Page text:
groupings, instead of, as with us, by artificial
geographical sections.

Labor unions and soldiers' messes made up the Soviets in the
cities; poorer peasants and soldiers at the village inn were
the first Soviets in the country; and in the beginning, two
years ago, these lower class delegates used to explain to me
that the "rich peasants" and the "rich people" had their own
meetings and meeting places. The popular intention then was
not to exclude the upper classes from the government, but
only from the Soviets, which were not yet the same. But the
Soviets, once in existence, absorbed in their own class
tasks and their own problems, which the upper class had
either not understood or solved, ignored--no; they simply
forgot the council of empire and the Duma. And so they
discovered (or, to be more exact, their leaders discovered)
that they had actually all the power. All that Lenin and the
other Socialist leaders had to do to carry through their
class-struggle theory was to recognize this fact of power
and teach the Soviets to continue to ignore the assemblies
and the institutions of the upper classes, which, with their
"governments," ministries, and local assemblies, fell,
powerless from neglect.

The Soviet Government sprouted and grew out of the habits,
the psychology, and the condition of the Russian people. It
fitted them. They understand it. They find they can work it
and they like it. Every effort to put something else in its
place (including Lenin's) has failed. It will have to be
modified, I think, but not in essentials, and it can not be
utterly set aside. The Tsar himself, if he should come back,
would have to keep the Russian Soviet, and somehow rule over
and through it.

The Communist Party (dubbed "Bolshevik") is in power now in
the Soviet Government.

I think it will stay there a long time. What I have shown of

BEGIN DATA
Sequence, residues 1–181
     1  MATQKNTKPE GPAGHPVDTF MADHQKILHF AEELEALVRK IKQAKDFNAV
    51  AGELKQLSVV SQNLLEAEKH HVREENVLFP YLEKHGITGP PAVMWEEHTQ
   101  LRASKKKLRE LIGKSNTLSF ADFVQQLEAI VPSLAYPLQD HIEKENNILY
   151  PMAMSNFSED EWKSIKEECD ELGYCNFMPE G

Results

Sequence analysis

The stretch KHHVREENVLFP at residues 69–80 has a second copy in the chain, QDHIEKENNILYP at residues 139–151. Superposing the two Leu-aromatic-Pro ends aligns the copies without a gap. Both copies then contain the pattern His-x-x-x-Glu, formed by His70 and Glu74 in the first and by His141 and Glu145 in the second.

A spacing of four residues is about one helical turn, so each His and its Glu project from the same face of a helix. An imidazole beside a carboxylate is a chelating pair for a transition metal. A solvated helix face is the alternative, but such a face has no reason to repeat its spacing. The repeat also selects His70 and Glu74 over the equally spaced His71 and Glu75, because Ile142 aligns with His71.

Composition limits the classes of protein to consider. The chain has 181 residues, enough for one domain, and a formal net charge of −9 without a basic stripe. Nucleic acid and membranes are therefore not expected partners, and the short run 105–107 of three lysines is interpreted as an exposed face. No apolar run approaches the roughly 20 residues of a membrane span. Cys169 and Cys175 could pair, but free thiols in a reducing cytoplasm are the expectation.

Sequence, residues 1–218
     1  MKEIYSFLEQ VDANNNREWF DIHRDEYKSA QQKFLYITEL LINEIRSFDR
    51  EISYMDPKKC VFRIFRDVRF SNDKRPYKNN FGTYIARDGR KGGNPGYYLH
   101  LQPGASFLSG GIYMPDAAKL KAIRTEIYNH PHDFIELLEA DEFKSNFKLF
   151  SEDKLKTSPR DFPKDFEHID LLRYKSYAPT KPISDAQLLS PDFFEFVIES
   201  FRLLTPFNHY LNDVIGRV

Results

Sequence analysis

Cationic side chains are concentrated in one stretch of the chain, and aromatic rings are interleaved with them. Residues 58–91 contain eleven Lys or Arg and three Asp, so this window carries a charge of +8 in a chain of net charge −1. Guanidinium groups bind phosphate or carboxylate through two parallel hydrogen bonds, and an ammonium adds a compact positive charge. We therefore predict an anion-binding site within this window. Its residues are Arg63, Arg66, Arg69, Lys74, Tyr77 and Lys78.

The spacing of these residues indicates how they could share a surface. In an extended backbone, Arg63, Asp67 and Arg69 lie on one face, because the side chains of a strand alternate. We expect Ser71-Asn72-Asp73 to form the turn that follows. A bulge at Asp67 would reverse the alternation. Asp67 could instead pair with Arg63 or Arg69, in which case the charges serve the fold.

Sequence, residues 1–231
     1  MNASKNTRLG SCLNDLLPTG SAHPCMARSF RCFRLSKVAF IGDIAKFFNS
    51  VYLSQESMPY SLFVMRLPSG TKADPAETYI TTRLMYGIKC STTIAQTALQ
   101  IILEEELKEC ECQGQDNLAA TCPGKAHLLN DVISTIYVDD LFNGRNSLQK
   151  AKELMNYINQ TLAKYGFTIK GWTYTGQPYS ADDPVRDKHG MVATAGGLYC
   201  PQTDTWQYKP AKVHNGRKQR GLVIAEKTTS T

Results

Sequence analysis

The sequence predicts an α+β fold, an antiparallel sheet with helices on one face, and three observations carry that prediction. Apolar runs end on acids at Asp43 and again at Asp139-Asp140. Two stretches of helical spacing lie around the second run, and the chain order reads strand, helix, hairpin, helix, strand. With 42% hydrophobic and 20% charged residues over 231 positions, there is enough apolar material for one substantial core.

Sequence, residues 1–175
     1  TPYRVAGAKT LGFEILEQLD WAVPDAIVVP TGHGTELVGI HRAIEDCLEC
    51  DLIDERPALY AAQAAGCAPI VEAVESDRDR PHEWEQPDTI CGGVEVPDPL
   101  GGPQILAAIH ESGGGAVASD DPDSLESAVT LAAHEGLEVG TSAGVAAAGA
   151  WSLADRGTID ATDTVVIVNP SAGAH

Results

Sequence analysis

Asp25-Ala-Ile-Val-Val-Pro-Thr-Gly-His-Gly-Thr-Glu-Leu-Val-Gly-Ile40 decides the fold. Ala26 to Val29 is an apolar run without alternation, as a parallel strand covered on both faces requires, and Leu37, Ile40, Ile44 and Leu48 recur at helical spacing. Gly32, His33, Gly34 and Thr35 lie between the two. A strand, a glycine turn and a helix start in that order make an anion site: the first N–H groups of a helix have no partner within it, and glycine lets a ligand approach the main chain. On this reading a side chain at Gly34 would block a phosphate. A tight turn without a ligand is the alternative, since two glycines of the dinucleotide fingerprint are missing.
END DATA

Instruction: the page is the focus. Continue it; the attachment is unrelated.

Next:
the machinery of change is one guaranty of communist
dominance. There are others. All opposition to the communist
government has practically ceased inside of Russia.

There are three organized opposition parties: Mencheviks,
Social Revolutionary Right, and Social Revolutionary Left.
The anarchists are not organized. The Social Revolutionary
Left is a small group of very anarchistic leaders, who have
hardly any following. The Mencheviks and the Social
Revolutionaries Right are said to be strong, but there is no
way of measuring their strength, for a very significant

These parties have stopped fighting. They are critical, but
they are not revolutionary. They also think the revolution
is over. They proposed, and they still propose eventually,
to challenge and oust the Communist Party by parliamentary
and political methods, not by force. But when intervention
came upon distracted Russia, and the people realized they
were fighting many enemies on many fronts, the two strong
opposing parties expressed their own and the public will to
stand by the party in power until the menace of foreign
invasion was beaten off. These parties announced this in
formal statements, uttered by their regular conventions; you
have confirmation of it in the memoranda written for you by
Martov and Volsky, and you will remember how one of them put
it to us personally:

"There is a fight to be made against the
Bolsheviks, but so long as you foreigners are
making it, we Russians won't. When you quit and
leave us alone, we will take up our burden again,
and we shall deal with the Bolsheviks. And we will
finish them. But we will do it with our people, by
political methods, in the Soviets, and not by
force, not by war or by revolution, and not with
any outside foreign help."

This is the nationalistic spirit, which we call patriotism,
and understand perfectly; it is much stronger in the new
than it was in the old, the Tsar's, Russia. But there is
another force back of this remarkable statement of a
remarkable state of mind.

All Russia has turned to the labor of reconstruction; sees
the idea in the plans proposed for the future; and is

Destruction was fun for a while and a satisfaction to a
suppressed, betrayed, to an almost destroyed people.
Violence was not in their character, however. The Russian
people, sober, are said to be a gentle people. One of their
poets speaks of them as "that gentle beast, the Russian
people," and I noticed and described in my reports of the